If Kill List weren't publicized as a horror movie, you'd never guess from the first act that it is one. The film opens with characteristically British kitchen-sink realism as we're introduced to a middle-class couple hit hard by the recession, squabbling over how they're going to pay to get the broken jacuzzi in the backyard repaired. Jay (Neil Maskell) is a doughy-in-the-middle, down-on-his-luck husband, and his half-Swedish wife, Shel (MyAnna Buring), is on his ass for not having worked in eight months. They're in debt. Even their seven-year-old son, Sam (Harry Simpson), calls Jay lazy, but there's obviously something more to his unemployment than a lack of initiative. Jay seems to be on the verge of snapping, and during a dinner party— with his best mate Gal (Michael Smiley) and Gal's witchy-looking new girlfriend, Fiona (Emma Fryer)—he actually does, blowing up at Shel and pulling the tablecloth out from under everyone's plates. He's on-edge, stressed, easily upset, and we hate him at first for the way he treats his wife. But there's more going on here than meets the eye.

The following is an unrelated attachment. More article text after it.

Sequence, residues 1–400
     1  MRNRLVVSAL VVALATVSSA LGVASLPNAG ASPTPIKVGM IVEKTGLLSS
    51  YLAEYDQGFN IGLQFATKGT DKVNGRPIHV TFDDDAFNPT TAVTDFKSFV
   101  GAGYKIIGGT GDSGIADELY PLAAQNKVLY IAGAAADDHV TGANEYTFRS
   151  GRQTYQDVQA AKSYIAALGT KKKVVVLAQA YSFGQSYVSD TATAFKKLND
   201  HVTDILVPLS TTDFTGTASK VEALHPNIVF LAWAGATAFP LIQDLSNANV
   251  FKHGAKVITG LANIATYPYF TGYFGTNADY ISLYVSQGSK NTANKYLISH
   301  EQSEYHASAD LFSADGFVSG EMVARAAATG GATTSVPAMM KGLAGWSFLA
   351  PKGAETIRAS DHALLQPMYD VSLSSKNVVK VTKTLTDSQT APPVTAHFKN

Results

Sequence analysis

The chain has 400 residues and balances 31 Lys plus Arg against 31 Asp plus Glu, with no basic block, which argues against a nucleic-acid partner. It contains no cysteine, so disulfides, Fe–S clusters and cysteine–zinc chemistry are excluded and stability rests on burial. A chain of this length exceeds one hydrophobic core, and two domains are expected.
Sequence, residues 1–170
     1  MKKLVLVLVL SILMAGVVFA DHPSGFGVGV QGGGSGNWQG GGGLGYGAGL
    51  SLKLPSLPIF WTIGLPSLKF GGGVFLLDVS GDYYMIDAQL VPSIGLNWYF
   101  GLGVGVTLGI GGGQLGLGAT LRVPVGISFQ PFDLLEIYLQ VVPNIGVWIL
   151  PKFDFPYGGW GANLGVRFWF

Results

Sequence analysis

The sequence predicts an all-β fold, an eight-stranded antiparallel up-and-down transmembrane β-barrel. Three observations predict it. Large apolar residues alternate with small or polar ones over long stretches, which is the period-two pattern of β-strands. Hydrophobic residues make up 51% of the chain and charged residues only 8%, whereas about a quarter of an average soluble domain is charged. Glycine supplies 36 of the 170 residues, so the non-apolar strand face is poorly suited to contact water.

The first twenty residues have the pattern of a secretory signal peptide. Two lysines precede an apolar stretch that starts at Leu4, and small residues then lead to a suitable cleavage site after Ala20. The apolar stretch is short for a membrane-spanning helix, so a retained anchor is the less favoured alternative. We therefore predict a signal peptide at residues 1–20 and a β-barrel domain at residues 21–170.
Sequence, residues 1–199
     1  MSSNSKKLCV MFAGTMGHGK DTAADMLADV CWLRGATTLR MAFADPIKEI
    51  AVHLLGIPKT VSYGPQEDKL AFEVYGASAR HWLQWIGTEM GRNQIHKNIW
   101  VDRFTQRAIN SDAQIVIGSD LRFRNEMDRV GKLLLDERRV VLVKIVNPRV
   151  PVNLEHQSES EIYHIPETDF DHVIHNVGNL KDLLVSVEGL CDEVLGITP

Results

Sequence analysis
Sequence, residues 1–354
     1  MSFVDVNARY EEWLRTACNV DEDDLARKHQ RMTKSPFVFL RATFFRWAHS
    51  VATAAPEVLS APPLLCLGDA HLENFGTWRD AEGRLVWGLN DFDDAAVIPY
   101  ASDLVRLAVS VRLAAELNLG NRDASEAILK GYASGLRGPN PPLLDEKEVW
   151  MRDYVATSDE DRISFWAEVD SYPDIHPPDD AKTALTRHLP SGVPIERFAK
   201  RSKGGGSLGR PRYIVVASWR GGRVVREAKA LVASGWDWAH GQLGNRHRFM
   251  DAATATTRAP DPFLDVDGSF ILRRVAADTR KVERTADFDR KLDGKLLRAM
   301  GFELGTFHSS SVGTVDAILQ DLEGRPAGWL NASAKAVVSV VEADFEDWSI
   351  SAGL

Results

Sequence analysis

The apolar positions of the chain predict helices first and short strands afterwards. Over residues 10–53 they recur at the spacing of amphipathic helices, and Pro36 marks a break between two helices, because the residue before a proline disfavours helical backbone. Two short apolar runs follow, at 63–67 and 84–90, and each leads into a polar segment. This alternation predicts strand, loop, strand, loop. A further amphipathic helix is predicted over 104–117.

Using practically zero unnecessary exposition—and I'd argue the film could actually use a bit more—Wheatley dribbles out backstory, slowly cuing us in to the real situation behind the superficial suburban malaise. We gradually learn that Jay and Gal were private security contractors in Iraq, and that they're now freelance hit-men. There are hints that something seriously awful went down during their last job, in Kiev—which is why PTSD- afflicted Jay is wary of taking a new gig—but Wheatley strategically withholds the details, preferring to let our imaginations do the dirty work. This is how the director treats the entire story, never spelling out what's happening, but giving just enough cryptic info to entice us. I suspect this might aggravate some viewers, and there are times when the abrupt and minimalist storytelling feels like a cop-out for not having a more substantive, thought-out plot. Still, the uncertainty generates an undeniably powerful atmosphere of dread. We don't ever know quite where the story is going— even when we come down to the final minutes—but we're dead certain it's not going to end well.